Simon Batey and his friends Jason Nott, Bradburey, and Andrew Alsop just caught the biggest fish that has ever been believed to have been reeled out of Welsh waters. It was a giant Atlantic bluefin tuna weighing a jaw-dropping 900 pounds.
Batey said he was fishing off the Pembrokeshire coast when he reeled in the 9ft sea monster, measured it, and released it back into the ocean.
Welsh waters are said to now have some of the biggest fish in the world now and many are campaigning to establish a fishery there to attract international fishermen.
Batey who is from Sarn, Bridgend, said he landed the bluefin while he was returning from fishing in the Celtic Deeps, which is an area of the Irish Sea about 30 miles off the west coast of Wales.
It took Batey and Nott an hour of struggling with the creature to reel it in while Andrew drove the boat. Batey and Nott said they had to pass the rod back and forth multiple times to keep from wearing themselves out but were eventually able to tire the fish out.
The Atlantic bluefin tuna was not pulled out of the water, however, it was measured from its nose to the fork of its tail, which is a globally recognized formula that gives the weight of the fish within a very close range.
“By far it’s the biggest fish caught in Welsh waters. The previous biggest was around 600lbs,” Julian Lewis Jones, a patron of Angling Cymru told BBC. “It’s no mean feat to catch a fish of this size, at that length it’s the same size as a big shark. They are immensely powerful and not something any novices could even try, so it had to be a team effort.”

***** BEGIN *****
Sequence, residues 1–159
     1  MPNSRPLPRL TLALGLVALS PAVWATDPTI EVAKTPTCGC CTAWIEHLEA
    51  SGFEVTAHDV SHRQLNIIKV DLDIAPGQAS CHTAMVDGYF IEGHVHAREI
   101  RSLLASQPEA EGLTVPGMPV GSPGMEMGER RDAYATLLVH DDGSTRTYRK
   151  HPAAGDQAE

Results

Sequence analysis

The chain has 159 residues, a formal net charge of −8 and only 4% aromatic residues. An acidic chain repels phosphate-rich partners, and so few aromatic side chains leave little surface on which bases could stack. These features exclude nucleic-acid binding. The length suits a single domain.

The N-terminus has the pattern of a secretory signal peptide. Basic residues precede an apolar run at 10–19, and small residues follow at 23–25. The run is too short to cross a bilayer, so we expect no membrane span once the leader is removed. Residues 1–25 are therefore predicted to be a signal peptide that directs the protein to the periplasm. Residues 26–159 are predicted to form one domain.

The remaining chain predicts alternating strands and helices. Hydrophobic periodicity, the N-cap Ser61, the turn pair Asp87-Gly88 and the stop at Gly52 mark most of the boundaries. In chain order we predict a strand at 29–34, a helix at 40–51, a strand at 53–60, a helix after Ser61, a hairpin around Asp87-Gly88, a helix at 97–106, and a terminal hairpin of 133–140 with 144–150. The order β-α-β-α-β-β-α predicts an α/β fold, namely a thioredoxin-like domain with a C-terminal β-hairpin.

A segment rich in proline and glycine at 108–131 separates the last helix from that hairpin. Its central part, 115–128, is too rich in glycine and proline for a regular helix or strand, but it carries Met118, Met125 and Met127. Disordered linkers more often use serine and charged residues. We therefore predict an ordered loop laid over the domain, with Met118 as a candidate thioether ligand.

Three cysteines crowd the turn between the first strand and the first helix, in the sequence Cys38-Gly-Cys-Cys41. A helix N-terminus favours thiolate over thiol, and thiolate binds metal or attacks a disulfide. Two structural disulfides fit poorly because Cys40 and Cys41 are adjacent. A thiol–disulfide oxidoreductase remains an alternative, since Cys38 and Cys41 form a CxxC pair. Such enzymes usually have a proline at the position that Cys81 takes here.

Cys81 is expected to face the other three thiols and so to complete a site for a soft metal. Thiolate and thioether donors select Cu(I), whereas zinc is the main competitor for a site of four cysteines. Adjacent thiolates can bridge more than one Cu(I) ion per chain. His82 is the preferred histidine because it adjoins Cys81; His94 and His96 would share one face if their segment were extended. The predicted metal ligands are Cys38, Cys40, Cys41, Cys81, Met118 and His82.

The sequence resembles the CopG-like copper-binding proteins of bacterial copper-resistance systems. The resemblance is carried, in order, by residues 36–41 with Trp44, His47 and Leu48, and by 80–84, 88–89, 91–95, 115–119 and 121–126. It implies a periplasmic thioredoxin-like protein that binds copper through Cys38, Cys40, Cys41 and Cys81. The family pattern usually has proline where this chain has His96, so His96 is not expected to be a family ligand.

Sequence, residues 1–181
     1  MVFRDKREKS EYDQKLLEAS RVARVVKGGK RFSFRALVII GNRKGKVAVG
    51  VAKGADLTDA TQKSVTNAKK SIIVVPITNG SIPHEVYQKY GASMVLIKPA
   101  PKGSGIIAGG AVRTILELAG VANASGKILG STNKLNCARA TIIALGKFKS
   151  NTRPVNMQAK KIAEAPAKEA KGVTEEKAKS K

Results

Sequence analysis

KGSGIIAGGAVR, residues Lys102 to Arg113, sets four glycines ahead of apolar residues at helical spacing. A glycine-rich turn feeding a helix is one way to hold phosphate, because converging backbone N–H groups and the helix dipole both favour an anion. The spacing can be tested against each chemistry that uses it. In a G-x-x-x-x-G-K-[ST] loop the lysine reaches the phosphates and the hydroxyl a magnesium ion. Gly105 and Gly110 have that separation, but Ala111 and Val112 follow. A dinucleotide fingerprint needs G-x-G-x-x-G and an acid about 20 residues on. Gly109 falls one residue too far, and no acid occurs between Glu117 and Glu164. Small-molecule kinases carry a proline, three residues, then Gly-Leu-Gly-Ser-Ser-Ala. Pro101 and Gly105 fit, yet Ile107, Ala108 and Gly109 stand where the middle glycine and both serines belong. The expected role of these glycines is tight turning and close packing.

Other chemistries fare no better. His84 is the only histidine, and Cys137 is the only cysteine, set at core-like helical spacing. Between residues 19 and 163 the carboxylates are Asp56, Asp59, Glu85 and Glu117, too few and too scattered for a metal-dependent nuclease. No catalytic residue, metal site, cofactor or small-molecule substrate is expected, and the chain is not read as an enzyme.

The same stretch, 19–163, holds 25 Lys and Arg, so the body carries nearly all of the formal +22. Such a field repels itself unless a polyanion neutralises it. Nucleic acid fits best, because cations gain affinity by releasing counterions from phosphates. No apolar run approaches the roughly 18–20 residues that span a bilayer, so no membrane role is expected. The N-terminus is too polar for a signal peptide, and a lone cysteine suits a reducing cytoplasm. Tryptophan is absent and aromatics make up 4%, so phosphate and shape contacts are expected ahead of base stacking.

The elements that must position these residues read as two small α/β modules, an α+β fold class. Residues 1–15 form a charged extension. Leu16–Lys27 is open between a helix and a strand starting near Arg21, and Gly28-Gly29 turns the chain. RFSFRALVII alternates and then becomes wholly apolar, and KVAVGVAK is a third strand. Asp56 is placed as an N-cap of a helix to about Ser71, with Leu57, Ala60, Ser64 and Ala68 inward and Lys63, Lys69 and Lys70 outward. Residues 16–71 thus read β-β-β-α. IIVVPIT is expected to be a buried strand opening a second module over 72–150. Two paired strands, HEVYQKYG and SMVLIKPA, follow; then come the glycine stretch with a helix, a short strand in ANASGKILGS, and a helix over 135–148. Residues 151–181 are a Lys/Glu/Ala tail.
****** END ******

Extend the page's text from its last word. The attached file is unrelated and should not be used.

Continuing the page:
Once the bluefin was pulled close to the boat, it was slowly towed to ensure a regular supply of oxygen to the gills before being measured at 111-inches and then released.
“It’s very exciting that a fish of this size has been caught in Welsh waters. We now have some of the biggest tuna in the world swimming in our waters,” Jones added.
Jones went on to say that the temperature of the waters in Wales is fantastic for marine life and if it’s managed correctly, it will be a “world-class” recreational catch and release tuna fishery for many generations to come.
“Every year we are seeing more tuna and they are returning and we want anglers to come here from all over the world. As fishermen we are guardians of the marine habitat and have a passion for conservation and the environment. We have been working with researchers at Swansea University because we want marine life to thrive. A catch and drop fishery could be managed, sustainable and bringing socio-economic benefits to the area.”
It’s said that the giant Atlantic bluefin tuna disappeared from UK waters during the 1960s due to commercial overfishing and changing climate. However, lately, the species has been spotted feeding in large numbers between the months of July and December.